Presentation

When we got the announcement at the E3 2016 presentation, it was honestly one of the weakest sections of an exceptional conference. All we got was someone walking on stage to a Crash Bandicoot theme tune, Shawn Layden’s announcement of the trilogy’s remaster without a single moment of gameplay shown from the remaster. The trailer we got was for Skylanders, which went over like a fart in church.

The problem is, playing on nostalgia like that just isn’t enough to excite most people. And while they called it a remaster, they described it as being created “from the ground up.” Those are two almost contradictory statements. Is this a remake with better graphics that’s incorrectly being called a remaster, or are they just re-releasing the games that look the same but are made from scratch for the PS4? Would it be like the level seen in Uncharted 4, just as three full games? Who’s developing it? Naughty Dog?

It felt extremely rushed. It could’ve been a huge reveal, but we barely got any information before they plugged Skylanders and never showed us any gameplay  With a complete lack of information or footage, Sony has left people scratching their heads when they should’ve left people excited. This could just turn out to be a botched idea on Sony’s part, and has little to do with the quality of future games starring Crash, but it’s really hard to deny that a lack of information is not much to get hyped for.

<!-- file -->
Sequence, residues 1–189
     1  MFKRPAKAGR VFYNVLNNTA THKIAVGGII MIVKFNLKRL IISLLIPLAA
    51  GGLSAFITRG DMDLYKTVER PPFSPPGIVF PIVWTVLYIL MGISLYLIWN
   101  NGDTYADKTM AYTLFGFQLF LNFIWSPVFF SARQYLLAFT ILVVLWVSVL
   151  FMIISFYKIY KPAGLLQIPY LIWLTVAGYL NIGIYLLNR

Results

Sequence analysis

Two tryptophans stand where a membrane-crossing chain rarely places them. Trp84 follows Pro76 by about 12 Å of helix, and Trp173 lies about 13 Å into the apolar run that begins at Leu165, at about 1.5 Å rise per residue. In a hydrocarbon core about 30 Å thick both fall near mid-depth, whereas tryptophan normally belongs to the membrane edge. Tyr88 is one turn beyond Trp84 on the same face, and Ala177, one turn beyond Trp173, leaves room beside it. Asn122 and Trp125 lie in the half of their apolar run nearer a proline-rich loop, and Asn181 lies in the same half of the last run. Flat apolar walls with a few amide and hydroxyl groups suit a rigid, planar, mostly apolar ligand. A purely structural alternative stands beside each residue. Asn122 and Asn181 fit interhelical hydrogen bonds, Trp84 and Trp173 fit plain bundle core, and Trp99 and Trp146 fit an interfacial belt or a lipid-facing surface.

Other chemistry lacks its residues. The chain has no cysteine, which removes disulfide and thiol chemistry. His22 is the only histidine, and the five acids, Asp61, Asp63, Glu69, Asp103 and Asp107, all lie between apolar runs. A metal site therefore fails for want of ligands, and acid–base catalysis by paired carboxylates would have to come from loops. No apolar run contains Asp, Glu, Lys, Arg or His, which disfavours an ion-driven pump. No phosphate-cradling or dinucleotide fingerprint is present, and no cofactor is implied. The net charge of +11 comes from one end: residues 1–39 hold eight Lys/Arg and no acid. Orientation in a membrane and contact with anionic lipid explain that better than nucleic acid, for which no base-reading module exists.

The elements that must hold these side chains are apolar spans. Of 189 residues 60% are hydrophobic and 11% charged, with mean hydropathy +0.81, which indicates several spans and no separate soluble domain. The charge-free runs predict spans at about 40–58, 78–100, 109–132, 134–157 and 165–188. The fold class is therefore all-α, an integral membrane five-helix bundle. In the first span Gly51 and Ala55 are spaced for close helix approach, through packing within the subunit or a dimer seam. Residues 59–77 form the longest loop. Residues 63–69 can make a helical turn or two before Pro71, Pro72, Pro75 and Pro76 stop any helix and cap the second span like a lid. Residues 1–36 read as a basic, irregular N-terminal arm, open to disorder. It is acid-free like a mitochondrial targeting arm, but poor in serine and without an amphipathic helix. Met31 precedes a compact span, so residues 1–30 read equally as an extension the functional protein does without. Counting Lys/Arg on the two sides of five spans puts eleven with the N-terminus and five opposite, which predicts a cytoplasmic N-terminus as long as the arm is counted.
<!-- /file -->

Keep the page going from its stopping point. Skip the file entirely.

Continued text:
Sony and Activision

3064740-crash So we know that the rights are still with Activision. But the fact that Crash is a PS4 exclusive character to Skylanders and that the trilogy is PS4 exclusive suggests that there’s a deal between the two companies. The details about this deal are uncertain, but the fact that Crash is with Activision still is worrying.

Activision’s business model as a publisher is typically to only create games that they can sell on an annual basis, each loaded with additional content that they can sell piecemeal to maximise investment on IPs. It’s a profitable choice, but Crash is simply from a different era of gaming. He’s from the era before online gaming was a big deal, when buying a game meant buying the whole package, and that’s incompatible with the types of games Activision favors. How do they expect to sell more content for Crash games? Lock certain levels behind a paywall?